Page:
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Broken part of quickchange toolpost

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Martin Dowing09/11/2016 21:05:26
245 forum posts
4 photos


Below is a photo of quickchange toolpost, which I have recently broken.


Broken part works together with a spanner driven eccentric and secures tollholder in given position.

Such a part is very easy to make but I have few questions.

1. Why it was made from such material that breaks so easy? (I suspect it is spheroidal cast iron).

Is there any virtue in such design or is it just a poor design in terms of material choice?

2. Should I make this part from such an inadequate material again (so it can break up again as well), or a part made of lets say BDMS or cold drawn stainless of reasonable tensile strenght if a bit harder surface is needed would serve better?

Thanks for any comments.


Edited By Martin Dowing on 09/11/2016 21:31:50

Martin Dowing09/11/2016 21:07:07
245 forum posts
4 photos

For some reason initially an image have failed to download but I tried again and now it is in original post above.

Edited By Martin Dowing on 09/11/2016 21:13:35

Edited By Martin Dowing on 09/11/2016 21:34:26

David Standing 109/11/2016 21:45:14
1288 forum posts
48 photos

I can answer 1)

It was probably made in China, and built down to a price, and not up to a quality.

MW09/11/2016 21:47:14
2050 forum posts
51 photos

Cast iron doesn't sound like it should belong there nor a long term solution for clamping the tool holder, precisely because of whats happened. It's brittle and it could crack eventually.

The advantages of cast iron are it's general rigidity and heftiness but should it be used on thin parts exposed to repeated wear? I dont think so. 

The dickson clone part in question i have (which i'm feeling is probably china/indian steel, i'm not a man of prestigious means) is made of BDMS and seems to be going well other than a few scuffs around edges.

I honestly think it was made of something else or if they really did use cast iron, unfortunately the only reason i can think of it was cost skimming to reduce machining times.

Or they just used it because it was there and they could? who knows. Maybe being a disimilar material to the steel it is less likely to gall or cold weld? 

However your one looks more like an original? 

Michael W 

Edited By Michael Walters on 09/11/2016 21:59:38

Martin Dowing09/11/2016 22:13:28
245 forum posts
4 photos

Here is another photo:


Please look on crystalline structure of broken part.

I am pretty sure that it is cast iron, most likely spheroidal one because grey cast iron should break under stress involved in no time at all and this part was still serving for a while.

However it got cracked with no warning.

Anyway it is nice to hear that replacement made from BDMS is serving well its purpose.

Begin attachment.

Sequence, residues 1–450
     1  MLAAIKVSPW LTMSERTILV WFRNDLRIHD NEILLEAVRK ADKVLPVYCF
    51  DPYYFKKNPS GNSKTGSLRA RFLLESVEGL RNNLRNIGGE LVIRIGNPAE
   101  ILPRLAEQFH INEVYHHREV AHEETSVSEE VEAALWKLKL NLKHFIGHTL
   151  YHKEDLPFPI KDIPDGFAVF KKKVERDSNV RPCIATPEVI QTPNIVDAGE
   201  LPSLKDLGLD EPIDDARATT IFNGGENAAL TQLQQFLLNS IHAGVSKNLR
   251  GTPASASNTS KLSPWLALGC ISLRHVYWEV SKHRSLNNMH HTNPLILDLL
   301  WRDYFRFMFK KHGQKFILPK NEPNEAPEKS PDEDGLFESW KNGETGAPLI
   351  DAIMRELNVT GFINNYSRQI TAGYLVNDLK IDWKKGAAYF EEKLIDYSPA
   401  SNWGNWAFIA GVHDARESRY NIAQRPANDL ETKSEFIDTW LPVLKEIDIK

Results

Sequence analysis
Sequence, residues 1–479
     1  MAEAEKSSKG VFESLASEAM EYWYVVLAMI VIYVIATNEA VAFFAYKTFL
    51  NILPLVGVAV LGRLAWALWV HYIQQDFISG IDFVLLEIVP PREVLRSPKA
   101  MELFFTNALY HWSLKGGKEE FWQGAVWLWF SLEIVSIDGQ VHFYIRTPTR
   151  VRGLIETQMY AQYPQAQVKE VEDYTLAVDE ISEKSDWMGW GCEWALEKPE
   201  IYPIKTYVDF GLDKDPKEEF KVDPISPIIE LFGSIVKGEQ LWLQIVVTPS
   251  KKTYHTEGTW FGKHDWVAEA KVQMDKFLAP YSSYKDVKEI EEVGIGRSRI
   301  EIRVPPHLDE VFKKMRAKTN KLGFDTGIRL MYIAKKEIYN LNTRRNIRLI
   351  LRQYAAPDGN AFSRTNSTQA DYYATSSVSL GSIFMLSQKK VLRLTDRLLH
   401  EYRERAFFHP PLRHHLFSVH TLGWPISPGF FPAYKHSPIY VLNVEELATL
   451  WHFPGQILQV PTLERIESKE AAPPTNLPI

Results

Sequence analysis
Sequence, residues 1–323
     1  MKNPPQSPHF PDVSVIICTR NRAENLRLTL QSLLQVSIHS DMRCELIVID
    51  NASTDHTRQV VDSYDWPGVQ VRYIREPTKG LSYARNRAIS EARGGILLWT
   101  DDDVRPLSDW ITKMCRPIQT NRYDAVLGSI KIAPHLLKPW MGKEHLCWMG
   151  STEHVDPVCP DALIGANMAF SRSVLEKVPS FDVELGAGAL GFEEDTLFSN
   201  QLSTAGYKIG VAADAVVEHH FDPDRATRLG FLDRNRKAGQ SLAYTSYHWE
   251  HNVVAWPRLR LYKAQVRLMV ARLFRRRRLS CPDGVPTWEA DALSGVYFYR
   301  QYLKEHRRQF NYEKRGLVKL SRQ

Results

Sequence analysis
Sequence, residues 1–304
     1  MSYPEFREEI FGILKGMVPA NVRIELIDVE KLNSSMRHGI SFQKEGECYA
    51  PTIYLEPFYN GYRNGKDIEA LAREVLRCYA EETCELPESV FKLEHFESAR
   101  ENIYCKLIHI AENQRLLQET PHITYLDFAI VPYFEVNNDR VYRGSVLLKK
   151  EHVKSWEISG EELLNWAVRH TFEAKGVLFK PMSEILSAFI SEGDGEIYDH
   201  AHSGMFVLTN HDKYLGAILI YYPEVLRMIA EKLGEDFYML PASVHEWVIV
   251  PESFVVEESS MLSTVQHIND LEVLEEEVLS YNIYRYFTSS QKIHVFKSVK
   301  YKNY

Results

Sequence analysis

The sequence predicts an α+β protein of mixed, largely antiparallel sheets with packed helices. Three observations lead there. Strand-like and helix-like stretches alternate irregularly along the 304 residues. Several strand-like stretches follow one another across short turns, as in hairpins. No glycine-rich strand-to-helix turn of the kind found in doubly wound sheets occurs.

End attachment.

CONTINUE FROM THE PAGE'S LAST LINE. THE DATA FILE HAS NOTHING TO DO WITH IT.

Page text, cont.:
I am surely going to use it for a replacement part.

Edited By Martin Dowing on 09/11/2016 22:18:13

SillyOldDuffer09/11/2016 22:20:19
5333 forum posts
1090 photos

Faulty heat treatment? A more likely cause of brittle failure than being made of cast-iron I think.

MW09/11/2016 22:20:40
2050 forum posts
51 photos

Yeah i can see it now definitely the crumbly stuff some of the less well made stuff on my lathe comes from. I had a hex form dog clutch shatter to pieces on my machine that looks similar to that. I replaced that with BDMS too. puzzled me as well, why do it if you could see it coming?

I think that should be a good replacement because it will bend before it will break. I'd imagine the worst that could throw at you is burr up (over a seriously long time) but it wouldn't break. You could case harden it as well if you wanted to go to town. Be as tough as a decent screw driver then. But avoid leaded MS if you're gonna do that. All other grades should work.  

Michael W

Edited By Michael Walters on 09/11/2016 22:25:57

Martin Dowing09/11/2016 22:41:47
245 forum posts
4 photos

Yes, perhaps case hardened BDMS would be the best idea.

F/C leaded steel is not really often used in my shop, so no, I won't use that.

I have red that there are grades of F/C steel suitable for carburization and hardening (or for silver soldering and welding) but I do not know what these exactly are. Anyway I don't have any of those and ordinary BDMS is cheap and I have plenty.

MW09/11/2016 22:48:00
2050 forum posts
51 photos

Yeah, F/C isn't the same as leaded as you pointed out so it would work EN1A can have a propensity to rusting readily but if i do use it then i never wash the parts because you can't get all the moisture out of it,

so i only wipe it clean. EN3B is a little harder but will have a better disposition when it comes to rust. But given where its being used i can't see these issues being a problem.

I have a mallet made of EN1A and it doesn't show any signs of rusting, funny that some steel can catch it like the plague but other bits of the same material are completely devoid of it. 

Michael W

Edited By Michael Walters on 09/11/2016 22:51:08

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